Part of this answer is historical. About a century ago, America’s economy and society were in the midst of a profound change known today as the shift from the Agricultural Age to the Industrial Age. Large-scale immigration and urbanization accompanied this change. Public education also had to be expanded and institutionalized. The template for this new education system had many characteristics of the assembly-line factor)- — at the time considered the most advanced form of productive organization ever developed. Just as factories standardize their production processes around specific tasks at specific work stations on fixed schedules, schools have been compelled, often through law and accreditation procedures, to standardize their delivery systems.
The result of this standardization is the opposite of what outcome-based education promotes. In the Industrial Age model, WHEN and HOW students learn things too often take precedence over WHAT is learned and WHETHER it is learned well. In other words, the clock, schedule, calendar, and program characteristics are fixed, predefined, and unwavering. Yet, the definition and realization of student learning success are vague and highly variable.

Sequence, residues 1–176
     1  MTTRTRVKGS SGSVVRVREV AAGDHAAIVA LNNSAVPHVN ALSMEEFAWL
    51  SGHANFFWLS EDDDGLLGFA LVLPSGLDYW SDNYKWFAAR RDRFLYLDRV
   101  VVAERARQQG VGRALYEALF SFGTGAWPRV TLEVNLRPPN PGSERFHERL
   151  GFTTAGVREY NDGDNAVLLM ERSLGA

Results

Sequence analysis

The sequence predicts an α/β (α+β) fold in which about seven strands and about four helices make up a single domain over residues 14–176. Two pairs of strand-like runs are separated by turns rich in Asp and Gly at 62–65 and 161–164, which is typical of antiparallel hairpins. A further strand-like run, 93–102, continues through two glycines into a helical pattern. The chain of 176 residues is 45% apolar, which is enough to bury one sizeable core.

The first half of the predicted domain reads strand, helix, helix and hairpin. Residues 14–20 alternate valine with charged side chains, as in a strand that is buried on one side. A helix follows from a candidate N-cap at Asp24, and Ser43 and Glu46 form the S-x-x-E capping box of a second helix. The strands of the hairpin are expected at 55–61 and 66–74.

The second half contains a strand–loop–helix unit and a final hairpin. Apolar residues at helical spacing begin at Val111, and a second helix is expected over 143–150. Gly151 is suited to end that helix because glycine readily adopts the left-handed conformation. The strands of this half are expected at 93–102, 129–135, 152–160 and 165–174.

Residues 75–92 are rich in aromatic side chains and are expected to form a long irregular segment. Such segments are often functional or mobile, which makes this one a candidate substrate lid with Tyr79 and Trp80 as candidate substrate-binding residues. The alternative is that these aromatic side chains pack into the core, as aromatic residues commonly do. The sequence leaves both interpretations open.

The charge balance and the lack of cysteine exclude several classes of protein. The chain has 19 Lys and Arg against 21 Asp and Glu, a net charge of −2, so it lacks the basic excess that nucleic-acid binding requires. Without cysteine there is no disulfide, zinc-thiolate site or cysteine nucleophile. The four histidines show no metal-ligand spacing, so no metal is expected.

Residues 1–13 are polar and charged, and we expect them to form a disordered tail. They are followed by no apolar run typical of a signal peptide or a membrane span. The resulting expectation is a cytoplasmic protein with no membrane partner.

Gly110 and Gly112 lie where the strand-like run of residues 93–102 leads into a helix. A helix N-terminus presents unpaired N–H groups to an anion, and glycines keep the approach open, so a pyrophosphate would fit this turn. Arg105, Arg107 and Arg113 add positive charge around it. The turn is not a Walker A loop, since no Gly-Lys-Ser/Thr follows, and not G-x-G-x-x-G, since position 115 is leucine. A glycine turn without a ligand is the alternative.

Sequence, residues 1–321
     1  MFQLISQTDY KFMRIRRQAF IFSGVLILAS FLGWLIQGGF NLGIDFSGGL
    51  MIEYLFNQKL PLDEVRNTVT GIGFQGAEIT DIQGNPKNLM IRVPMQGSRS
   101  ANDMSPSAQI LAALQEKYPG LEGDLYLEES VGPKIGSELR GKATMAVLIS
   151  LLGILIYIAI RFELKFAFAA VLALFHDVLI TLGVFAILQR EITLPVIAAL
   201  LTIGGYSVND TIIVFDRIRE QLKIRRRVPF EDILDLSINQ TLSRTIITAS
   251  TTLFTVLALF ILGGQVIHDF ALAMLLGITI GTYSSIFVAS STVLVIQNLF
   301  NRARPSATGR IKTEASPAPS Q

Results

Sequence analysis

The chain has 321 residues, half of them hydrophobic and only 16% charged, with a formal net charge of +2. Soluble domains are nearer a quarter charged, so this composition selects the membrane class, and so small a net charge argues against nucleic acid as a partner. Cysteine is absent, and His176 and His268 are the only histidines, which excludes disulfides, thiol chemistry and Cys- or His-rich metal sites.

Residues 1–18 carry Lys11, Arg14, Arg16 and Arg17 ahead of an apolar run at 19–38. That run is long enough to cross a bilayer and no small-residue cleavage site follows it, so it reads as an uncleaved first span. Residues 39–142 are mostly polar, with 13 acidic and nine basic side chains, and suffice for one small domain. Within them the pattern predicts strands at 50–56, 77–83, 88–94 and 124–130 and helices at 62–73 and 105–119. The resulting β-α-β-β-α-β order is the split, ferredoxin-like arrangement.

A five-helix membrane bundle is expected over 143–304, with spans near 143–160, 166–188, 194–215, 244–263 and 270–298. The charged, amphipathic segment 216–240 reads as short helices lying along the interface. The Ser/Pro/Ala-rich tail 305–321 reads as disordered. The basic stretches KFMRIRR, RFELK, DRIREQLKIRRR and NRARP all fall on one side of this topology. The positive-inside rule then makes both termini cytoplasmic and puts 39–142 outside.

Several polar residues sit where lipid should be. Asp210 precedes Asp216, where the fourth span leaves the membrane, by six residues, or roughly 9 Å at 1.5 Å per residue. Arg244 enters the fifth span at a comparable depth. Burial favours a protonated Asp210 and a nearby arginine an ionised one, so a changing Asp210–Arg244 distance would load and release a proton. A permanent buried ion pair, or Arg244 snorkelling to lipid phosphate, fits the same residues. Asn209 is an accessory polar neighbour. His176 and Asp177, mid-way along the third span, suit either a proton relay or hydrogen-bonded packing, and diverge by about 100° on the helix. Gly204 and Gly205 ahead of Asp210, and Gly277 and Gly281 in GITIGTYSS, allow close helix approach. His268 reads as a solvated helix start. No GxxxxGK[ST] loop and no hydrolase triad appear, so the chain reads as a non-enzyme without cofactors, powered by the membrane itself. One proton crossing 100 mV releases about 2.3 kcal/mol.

However, some types of program > in the present system do focus on clear performance expectations for students, which they teach and assess accordingly. Vocational/technical, business, and performing arts programs are among them. But note that these programs lie outside what is usually considered the system’s most important programs: its core academic curriculum. Academic programs have typically embodied very little of OBEs basic approaches to curriculum design, instructional delivery and learning assessment.
- How exactly is being “outcome-based” different from what schools have always done?